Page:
Special Report

Beauty + Fashion

Our latest special report draws on the resources of our world-famous archive to explore the question: does fashion and beauty advertising play within different creative rules?


28 June 2023


Many sources will tell you Charles Frederick Worth, an English dressmaker who in 1858 established a salon in Paris to sell his haute couture, is the founding father of fashion. He is said to be the first to have sewn labels with his name into the dresses he made. His brand later expanded into producing ready-to-wear garments and also perfume. The template for integrated fashion and beauty brands and business empires was laid and now thrives globally today, even if House of Worth itself closed in the 1950s.

This feature is from Lurzer’s Archive Volume 02/2023


Worth was far from alone in these business efforts but he was perhaps the very best at being a magnificent self-promoter. He knew the value of dressing the celebs 150 years before today’s red carpet showcase … Lillie Langtry, Nellie Melba and Sarah Bernhardt all wore Worth.

Let’s not lose sight of how our species has been wearing clothes of some kind since approximately 170,000 years ago. Given human nature, we might guess that soon after somebody thought to cover themselves in something, somebody else decided to do it a little differently. And so on. And then somebody else started specializing in whatever it was that helped keep us warm or cool, more protected or more attractive. And so we get to our Prada and Zara, even without Mr Worth’s myth-making.

As to the origins of the beauty industry, we can see evidence that Egyptians of all genders and none were definitely applying perfume and makeup about 6000 years ago. That would have spawned a commodified and then quickly de-commodified industry, to feed the choices. As with now, ancient Egyptian social class was in part differentiated by the different quality of lavish pots that people could afford to have their makeup dispensed from.

And so, for all that highly advanced technologies may be applied to fashion and beauty today, at root there are fundamental forces at work. These industries and their marketing are sometimes criticized for being superficial and wasteful, and yet they can be seen as a mirror to the depths of our shallow souls. There are few things more intimately human and value-laden than fashion and beauty. These are industries that are immense and vital and their communications are pioneering and truth-telling, truth-revealing, for all their often absurdities.

The following quotes feature some of the best from our archive, juxtaposing the works with suggested answers to the question of whether fashion and beauty advertising creativity dances to the same or different rules. We summarize the evidence and pronounce the verdict.

Top image: campaign for the premium product line of the Jack & Jones fashion label, by & Co., Copenhagen, with model Christopher Walken.

Costanza Rossi
Head of Art Grey, London

“Fashion and beauty codes force creativity to its most essential way of communicating. Hardly any words, just visuals. A total synthesis expressed just in a picture, a color, a treatment. At the same time, we always admire how certain brands evolve and push boundaries. For creatives, it’s a fantastic exercise and a complex one to get right. In addition to this, fashion and beauty brands are often playing to the codes of culture. It’s like a treasure hunt of cultural savviness in which you need to be the first to find all the easter eggs hidden in a brand’s narrative. Models, celebrities, location, backdrops, collaborators, media placement, it’s all part of curated culture.”

Pum Lefebure
Co-Founder/Chief Creative Officer Design Army, Washington DC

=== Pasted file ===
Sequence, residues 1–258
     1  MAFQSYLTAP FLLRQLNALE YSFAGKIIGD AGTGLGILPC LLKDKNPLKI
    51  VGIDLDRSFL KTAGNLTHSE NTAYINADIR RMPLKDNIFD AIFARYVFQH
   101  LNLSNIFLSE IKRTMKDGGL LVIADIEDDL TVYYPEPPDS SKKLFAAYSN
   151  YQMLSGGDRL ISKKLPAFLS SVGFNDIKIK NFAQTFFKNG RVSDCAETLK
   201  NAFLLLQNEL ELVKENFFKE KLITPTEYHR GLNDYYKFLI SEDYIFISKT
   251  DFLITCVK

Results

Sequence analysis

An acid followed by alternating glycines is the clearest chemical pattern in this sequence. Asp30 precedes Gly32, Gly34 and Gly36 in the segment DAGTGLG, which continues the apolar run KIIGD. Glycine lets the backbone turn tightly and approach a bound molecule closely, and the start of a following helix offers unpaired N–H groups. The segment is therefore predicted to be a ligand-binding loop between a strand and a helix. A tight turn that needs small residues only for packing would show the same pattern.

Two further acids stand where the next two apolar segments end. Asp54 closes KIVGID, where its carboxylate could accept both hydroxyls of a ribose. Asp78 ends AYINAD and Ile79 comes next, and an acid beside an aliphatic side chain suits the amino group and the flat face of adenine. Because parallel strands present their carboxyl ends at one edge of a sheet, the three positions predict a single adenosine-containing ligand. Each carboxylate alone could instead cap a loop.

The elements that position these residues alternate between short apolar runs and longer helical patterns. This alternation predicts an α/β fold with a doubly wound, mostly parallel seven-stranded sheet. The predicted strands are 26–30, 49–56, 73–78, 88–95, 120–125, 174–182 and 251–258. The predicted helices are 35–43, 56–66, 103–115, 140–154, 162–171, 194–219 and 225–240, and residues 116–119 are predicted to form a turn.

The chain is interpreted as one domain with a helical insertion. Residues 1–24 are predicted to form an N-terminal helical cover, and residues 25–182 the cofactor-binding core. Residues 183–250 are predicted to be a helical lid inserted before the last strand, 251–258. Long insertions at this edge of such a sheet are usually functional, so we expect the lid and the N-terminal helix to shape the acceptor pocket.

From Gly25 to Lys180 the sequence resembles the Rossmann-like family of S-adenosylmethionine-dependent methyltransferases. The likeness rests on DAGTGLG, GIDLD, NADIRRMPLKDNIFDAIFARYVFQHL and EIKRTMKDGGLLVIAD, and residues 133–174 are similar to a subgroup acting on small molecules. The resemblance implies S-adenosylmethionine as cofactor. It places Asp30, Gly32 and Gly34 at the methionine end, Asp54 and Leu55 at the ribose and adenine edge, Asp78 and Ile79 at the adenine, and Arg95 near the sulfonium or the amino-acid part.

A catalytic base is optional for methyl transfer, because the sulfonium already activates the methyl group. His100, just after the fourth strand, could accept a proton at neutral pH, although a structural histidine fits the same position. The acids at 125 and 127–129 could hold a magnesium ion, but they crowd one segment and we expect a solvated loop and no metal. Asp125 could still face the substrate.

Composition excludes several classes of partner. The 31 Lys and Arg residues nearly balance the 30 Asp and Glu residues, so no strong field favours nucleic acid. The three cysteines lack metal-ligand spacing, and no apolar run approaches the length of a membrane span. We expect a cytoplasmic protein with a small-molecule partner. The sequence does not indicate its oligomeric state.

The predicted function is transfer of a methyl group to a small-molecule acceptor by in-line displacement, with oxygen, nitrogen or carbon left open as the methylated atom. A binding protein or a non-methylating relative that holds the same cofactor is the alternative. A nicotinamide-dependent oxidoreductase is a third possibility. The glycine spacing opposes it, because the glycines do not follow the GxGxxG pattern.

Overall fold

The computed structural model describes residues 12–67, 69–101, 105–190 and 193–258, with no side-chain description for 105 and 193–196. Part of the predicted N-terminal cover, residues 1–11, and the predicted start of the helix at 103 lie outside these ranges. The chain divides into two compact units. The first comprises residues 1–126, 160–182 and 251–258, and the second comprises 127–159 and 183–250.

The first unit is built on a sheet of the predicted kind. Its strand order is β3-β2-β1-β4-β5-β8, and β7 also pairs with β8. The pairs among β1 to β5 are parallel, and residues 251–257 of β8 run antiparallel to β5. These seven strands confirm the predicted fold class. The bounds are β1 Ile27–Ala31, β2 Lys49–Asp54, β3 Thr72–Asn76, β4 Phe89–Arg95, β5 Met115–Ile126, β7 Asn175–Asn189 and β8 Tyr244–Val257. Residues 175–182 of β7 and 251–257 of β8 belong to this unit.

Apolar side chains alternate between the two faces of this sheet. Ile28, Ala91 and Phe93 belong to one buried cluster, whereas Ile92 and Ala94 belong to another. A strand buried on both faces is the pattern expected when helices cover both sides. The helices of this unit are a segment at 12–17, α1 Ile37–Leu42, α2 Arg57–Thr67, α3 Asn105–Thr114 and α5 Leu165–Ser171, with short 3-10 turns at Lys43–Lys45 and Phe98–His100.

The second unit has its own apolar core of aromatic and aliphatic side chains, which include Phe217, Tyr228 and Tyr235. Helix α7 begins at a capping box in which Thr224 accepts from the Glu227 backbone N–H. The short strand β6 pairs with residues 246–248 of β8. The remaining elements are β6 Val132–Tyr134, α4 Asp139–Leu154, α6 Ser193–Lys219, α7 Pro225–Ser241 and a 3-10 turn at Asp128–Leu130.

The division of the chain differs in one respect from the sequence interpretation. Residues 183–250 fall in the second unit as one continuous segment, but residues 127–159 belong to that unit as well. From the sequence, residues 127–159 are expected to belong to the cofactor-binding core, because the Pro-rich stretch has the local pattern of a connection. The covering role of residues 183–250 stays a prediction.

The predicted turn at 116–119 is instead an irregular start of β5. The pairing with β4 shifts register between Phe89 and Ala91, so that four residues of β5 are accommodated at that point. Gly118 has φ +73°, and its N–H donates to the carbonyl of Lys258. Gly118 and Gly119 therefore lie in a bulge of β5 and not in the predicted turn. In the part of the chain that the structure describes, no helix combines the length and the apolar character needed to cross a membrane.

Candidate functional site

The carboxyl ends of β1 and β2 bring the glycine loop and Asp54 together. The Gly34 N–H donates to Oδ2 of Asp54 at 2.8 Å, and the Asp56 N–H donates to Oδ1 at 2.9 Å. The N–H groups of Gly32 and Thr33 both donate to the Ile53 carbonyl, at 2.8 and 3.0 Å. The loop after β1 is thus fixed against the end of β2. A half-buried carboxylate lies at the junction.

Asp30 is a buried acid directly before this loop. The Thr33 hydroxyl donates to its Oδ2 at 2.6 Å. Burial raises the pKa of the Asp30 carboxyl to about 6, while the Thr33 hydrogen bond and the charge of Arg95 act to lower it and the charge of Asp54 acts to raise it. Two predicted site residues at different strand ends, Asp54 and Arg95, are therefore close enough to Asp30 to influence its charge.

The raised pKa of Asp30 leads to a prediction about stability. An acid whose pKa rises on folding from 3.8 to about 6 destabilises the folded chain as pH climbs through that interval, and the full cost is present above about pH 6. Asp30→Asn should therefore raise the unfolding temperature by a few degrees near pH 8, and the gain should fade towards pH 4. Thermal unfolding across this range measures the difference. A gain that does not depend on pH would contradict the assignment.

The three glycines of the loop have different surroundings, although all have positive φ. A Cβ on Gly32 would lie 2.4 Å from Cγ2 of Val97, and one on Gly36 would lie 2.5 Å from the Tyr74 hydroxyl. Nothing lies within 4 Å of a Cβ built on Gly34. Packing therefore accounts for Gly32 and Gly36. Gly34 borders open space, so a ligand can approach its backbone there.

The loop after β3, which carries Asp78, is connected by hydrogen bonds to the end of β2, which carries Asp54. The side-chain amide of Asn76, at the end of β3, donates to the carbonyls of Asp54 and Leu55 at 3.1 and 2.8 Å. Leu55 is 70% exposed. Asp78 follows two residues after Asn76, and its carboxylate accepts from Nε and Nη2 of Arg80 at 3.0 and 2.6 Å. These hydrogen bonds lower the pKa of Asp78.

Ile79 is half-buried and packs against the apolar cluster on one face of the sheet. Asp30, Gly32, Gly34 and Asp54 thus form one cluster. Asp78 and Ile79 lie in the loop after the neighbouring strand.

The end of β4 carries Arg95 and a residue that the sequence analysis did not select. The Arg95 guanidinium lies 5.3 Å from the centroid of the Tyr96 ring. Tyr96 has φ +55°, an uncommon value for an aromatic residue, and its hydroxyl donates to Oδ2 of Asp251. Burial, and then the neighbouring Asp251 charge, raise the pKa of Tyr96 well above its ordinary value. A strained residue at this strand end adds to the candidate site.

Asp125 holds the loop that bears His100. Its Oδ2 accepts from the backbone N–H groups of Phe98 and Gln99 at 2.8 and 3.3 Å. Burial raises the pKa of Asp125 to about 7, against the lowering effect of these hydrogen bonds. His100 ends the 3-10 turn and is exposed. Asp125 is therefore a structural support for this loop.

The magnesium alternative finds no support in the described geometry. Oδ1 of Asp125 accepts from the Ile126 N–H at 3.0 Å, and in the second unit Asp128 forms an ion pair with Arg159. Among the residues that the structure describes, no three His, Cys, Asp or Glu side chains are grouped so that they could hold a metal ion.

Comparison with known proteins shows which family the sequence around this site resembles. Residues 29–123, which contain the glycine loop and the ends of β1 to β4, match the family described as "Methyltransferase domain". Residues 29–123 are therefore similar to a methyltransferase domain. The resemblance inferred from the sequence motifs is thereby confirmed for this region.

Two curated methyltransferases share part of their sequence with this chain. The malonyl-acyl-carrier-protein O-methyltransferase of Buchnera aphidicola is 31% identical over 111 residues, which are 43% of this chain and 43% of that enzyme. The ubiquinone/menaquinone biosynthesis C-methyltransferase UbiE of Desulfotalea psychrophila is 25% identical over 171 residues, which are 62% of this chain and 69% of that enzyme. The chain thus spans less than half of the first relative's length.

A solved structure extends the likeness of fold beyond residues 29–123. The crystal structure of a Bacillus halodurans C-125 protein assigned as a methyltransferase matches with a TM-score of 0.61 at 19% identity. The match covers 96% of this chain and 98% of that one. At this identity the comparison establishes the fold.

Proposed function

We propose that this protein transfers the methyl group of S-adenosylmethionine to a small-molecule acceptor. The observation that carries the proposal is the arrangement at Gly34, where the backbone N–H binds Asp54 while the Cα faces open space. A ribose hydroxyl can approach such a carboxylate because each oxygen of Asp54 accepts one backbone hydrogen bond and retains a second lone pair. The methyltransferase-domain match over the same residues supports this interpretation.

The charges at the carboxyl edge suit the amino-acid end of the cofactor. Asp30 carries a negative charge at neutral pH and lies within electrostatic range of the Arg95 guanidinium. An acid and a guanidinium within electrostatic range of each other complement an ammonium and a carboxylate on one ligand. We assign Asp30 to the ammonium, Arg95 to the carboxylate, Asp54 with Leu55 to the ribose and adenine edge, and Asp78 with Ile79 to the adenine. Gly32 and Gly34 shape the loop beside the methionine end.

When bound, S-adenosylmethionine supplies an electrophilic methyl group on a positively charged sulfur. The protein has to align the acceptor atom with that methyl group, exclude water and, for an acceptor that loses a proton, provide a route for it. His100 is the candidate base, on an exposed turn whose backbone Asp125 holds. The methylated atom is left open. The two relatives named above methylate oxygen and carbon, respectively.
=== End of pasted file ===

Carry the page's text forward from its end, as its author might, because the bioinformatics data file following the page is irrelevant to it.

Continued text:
“Like art, fashion is a form of self-expression. It is both expressive and intimate. A great campaign image needs the ability to seduce, allure and create desire for the audience. The best campaigns don’t require copy because they clearly tell you what you are looking at; yet like a memorable painting, it leaves space for imagination. No explanation, no clever copy needed. For example, the flowing movement of a silky fabric can make you feel a summer breeze against your body. The distinct color blocking of a garment will tease and teach your eyes to see in a new color pallet. Or a no- nonsense black and white image will communicate the pure form and luxurious quality of the garment. The greatest images are purely emotional with the focus on how the image is to make you feel.”

Flavio Waiteman
CCO/Founder at Tech and Soul, São Paolo

“How to talk about beauty, knowing that the filters of various apps have caused effects such as toxic beauty, and a lot of anxiety in young people? And on fashion, when the Patagonia brand established a new boundary between reality and perception. Between fast fashion vs global warming? And precisely because all this is happening now, fashion and beauty advertising needs to regain its space with concepts, not just form. A bit like the pharma and health segment are doing. But with content and great ideas. Not just stories. It’s not so much about what this segment is today, it’s how I see it in the coming years. An increasingly talented, inclusive, sexy segment, beautiful as life needs to be.”

Julie Rutigliano
Creative Director Pereira O’Dell, New York

“In terms of fashion and beauty, I’d say the most powerful communication comes when the brand has a unique or provocative point of view on culture. Fashion and beauty are categories consumers intrinsically take more personally. People have a deeper psychological connection to these categories as the products ultimately become expressions and extensions of who- ever is wearing them. A clear, bold, revolutionary outlook or attitude is what separates the best fashion and beauty brands from the mediocre. Diesel, Dove, Fenty, Kenzo and Billie are great examples of big ideas with such flawless execution, they masquerade as artful brand stories. But make no mistake, strategically these ideas all make a clear statement about our society as a whole and how the brand challenges it.”

Krista McCrimmon
Creative Director Recreation, Dallas

“What makes fashion and beauty advertising a special sector? Most advertising uses a concept to sell a product, but beauty and fashion advertising reverses the formula: it uses a product to sell a concept. The former is ‘what do I want to have,’ and the latter is, ‘who do I want to be.’ But at the end of the day, it’s two sides of the same cliché: consumer culture is consumer culture, whether it smells like Chanel No5 or streams in brilliant 4K.”